Tuesday, April 15, 2008

Senator Obama & Columnist Kane VS Reality

The Milwaukee Journal Sentinel's Eugene Kane, in his April 15th column ("Campaign promises more 'gotcha' games"; Please see below) provides clear evidence that he, like Senator and professional elitist Obama, is very much out of contact with small town Wisconsin (Or Iowa or Pennsylvania). Mr. Kane seems to have forgotten the numbers of small town citizens who voted for Senator
Obama before he revealed his big city, big money and big-nose (For looking down at us) positions.

Mr. Kane's (And Senator Obama's) Information, rational small town and big city citizens:
1. Do not love guns as much as the liberty and freedoms they represent, along with free speech and a free press, AND as the means to enforce all such freedoms (Including the "free exercise of religion") upon would be tyrants and elitists;
2. Do not hate gay marriage as much as they realize that, in spite of the failures of so many traditional marriages, that the time-immemorial one-man with one-women marriage and family unit is the best and soundest base for any civilization;
3. Do not "scapegoat illegal immigration" but more realize that beginning a life in the USA upon the shaky basis of disobeying our democratically based laws is not good AND that such illegal immigrants cost much more to the economic and social well being of our land than they give to it; And,
4. Have little concern about promoting a segregated way of life beyond a desire to have their families raised in safety away from gang-bangers, pimps, street-corner drug dealers and such like thugs.

Campaign promises more 'gotcha' games
Posted: April 14, 2008

Eugene Kane

Lucky for him, it's been months since Barack Obama won the Democratic primary in Wisconsin.
Considering his recent comments about small-town voters being "bitter" folks who turn to guns, religion and bashing illegal immigration out of frustration, he might not be as popular today.
Frankly, if it weren't for the kind of people in small towns in Wisconsin who love guns, hate gay marriage, scapegoat illegal immigrants and promote a segregated way of life, there are plenty of politicians who would never get elected around these parts.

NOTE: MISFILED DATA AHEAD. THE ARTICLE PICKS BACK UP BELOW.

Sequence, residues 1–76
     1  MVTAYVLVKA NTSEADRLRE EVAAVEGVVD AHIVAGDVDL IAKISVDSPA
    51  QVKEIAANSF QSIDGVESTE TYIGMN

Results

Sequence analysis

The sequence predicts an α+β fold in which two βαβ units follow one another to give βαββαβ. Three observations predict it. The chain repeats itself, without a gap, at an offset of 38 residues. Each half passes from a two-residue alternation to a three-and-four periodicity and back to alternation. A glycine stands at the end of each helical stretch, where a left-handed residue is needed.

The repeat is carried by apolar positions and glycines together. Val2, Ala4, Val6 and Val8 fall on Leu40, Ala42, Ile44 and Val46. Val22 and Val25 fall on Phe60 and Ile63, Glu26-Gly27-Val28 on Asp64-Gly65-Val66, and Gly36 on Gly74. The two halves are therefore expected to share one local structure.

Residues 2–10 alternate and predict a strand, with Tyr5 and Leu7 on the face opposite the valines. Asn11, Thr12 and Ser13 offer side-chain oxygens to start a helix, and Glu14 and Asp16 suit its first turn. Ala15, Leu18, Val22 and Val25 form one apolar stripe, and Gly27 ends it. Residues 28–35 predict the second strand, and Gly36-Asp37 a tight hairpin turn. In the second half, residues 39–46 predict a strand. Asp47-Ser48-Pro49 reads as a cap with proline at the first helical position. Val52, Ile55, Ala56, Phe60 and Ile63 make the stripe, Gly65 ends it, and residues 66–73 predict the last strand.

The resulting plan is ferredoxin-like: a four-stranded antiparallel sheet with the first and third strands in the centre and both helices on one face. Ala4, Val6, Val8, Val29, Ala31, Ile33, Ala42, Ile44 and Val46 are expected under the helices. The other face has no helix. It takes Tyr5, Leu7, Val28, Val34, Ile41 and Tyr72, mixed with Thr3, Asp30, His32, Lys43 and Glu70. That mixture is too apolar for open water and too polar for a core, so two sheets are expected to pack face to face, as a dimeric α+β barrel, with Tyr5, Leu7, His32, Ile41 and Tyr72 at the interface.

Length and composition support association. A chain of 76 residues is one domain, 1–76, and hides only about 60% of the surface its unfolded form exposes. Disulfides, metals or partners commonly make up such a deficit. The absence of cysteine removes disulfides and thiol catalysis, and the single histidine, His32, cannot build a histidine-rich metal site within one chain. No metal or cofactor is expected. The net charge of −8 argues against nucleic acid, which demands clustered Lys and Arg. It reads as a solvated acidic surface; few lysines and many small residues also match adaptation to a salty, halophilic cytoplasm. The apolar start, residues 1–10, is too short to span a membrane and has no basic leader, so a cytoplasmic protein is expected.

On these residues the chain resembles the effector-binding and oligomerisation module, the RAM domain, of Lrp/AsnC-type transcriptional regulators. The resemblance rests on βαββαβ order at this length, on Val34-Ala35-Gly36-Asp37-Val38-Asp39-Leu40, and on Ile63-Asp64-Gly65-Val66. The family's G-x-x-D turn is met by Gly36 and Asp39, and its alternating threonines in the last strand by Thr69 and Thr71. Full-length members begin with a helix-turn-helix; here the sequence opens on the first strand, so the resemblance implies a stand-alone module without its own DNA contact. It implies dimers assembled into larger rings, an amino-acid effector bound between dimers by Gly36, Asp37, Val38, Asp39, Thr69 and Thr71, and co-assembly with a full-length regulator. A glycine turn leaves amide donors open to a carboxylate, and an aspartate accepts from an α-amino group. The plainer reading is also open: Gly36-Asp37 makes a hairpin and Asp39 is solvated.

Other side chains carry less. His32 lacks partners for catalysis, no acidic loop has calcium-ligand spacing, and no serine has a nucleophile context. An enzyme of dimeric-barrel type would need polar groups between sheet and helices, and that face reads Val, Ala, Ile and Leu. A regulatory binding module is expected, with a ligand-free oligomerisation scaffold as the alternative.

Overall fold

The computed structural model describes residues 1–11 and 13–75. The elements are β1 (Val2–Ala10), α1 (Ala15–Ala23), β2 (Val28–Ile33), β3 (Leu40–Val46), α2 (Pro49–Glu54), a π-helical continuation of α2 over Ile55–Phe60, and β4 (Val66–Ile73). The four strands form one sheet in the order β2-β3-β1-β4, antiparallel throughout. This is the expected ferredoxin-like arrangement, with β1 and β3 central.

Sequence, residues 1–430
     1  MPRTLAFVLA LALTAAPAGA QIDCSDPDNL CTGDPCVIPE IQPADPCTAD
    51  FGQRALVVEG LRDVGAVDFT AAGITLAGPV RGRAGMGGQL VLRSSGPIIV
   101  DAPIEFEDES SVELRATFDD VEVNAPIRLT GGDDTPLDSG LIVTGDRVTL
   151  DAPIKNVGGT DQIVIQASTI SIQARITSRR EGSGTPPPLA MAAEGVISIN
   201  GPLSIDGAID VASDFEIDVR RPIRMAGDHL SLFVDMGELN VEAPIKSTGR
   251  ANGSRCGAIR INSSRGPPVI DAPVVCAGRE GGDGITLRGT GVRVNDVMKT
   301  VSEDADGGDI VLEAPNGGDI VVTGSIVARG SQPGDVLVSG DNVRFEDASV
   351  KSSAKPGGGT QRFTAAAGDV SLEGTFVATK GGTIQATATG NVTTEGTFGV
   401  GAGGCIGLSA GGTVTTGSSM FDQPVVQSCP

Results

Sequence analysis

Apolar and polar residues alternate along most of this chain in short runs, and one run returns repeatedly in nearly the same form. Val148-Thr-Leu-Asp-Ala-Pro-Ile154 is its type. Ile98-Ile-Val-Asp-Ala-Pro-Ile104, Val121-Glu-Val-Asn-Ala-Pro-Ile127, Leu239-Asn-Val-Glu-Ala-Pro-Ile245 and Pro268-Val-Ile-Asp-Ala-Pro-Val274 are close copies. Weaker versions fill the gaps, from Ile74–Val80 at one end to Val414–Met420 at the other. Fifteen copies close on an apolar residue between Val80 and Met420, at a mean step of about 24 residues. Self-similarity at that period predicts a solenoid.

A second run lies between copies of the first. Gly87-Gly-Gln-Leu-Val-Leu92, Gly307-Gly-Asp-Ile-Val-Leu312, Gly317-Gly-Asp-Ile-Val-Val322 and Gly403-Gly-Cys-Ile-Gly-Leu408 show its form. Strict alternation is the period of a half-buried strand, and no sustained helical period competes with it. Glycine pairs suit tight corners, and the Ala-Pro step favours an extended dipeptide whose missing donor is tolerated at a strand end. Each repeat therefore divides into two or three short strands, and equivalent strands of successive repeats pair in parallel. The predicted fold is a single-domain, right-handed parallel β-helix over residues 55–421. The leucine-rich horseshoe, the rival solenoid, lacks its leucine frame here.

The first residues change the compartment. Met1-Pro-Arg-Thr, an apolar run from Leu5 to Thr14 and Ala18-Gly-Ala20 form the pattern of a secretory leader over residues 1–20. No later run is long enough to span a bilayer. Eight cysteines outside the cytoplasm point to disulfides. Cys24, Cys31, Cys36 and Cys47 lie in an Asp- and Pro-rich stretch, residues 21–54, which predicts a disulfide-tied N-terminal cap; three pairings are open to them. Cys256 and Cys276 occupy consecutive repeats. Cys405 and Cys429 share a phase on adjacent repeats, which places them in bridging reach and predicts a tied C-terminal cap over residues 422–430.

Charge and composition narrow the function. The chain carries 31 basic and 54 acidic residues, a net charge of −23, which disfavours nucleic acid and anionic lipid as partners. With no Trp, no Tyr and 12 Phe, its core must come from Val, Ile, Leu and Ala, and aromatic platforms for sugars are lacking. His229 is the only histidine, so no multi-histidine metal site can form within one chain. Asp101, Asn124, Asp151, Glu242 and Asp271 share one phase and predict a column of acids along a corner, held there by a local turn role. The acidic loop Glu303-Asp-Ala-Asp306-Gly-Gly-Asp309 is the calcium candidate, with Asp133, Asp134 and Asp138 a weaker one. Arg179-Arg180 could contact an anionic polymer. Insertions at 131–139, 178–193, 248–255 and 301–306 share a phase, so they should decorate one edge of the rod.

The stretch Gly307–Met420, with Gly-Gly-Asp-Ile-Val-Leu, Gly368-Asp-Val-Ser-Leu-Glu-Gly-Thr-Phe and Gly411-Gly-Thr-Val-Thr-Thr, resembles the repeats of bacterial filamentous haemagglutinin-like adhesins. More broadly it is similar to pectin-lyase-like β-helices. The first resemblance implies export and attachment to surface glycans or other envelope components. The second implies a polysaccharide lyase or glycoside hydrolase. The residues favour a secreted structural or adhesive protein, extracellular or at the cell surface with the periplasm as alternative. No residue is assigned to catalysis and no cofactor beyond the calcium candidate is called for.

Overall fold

Since Obama won in February, it's been one public relations fiasco after another, including his incendiary black Baptist preacher and a clumsy attempt to lump his grandmother into a group with "typical" white people because of her racial attitudes.
This week, Obama must address yet another gaffe that could resonate for people still deciding between him and Hillary Rodham Clinton for the Democratic presidential nomination.
During an appearance at a fund-raiser in San Francisco, Obama was overheard telling supporters that middle-class Americans in small cities and towns in the Midwest and other places were bitter about the current state of the country and often expressed that bitterness in specific ways.
"You go into these small towns in Pennsylvania and, like a lot of small towns in the Midwest, the jobs have been gone now for 25 years . . . And it's not surprising then they get bitter, they cling to guns or religion or antipathy to people who aren't like them or anti-immigrant sentiment or anti-trade sentiment as a way to explain their frustrations," Obama said.
Obama's words became instant fodder for both his Democratic and Republican opponents.
Clinton accused him of expressing an "elitist" mentality that looked down on the kind of working-class folks who go hunting and resist gay marriage. John McCain also chimed in that Obama's words were "condescending" and "out of touch."
Later, Obama clarified (he's getting good at clarifying his remarks) without totally backing away from the substance of his statements.
In Wisconsin, state politicians have gotten good at using issues like gun control, gay marriage and illegal immigrants as scare tactics for voters looking to lay blame for society's ills. (I would add talking about the threat of "activist judges" ruining our way of life to that list.)
Wisconsin is known as a progressive state, but there's a move afoot to change things, including reinstituting the death penalty and allowing the carrying of concealed weapons.
With Pennsylvania - another state filled with small towns - next in line for a major primary, it's almost certain the discussion will focus on Obama's true feelings about small-town voters instead of an out-of-control murder rate in a major city such as Philadelphia. It's also clear that the rest of the 2008 Democratic campaign will include more games of "Gotcha!" between Obama and Clinton as each waits for the other to trip over their tongue.
There are bitter voters in small towns and villages across America, including Wisconsin, but it's likely nobody will get their votes by talking down to them. That's just common sense, which is something Wisconsinites are known more for than their bitterness.
Contact Eugene Kane at (414) 223-5521 or ekane@journalsentinel.com

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